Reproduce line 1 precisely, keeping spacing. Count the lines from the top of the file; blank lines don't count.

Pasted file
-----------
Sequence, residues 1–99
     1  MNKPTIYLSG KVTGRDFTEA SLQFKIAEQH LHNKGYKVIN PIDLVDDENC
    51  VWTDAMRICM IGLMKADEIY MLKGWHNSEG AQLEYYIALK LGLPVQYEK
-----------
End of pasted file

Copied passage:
Sequence, residues 1–99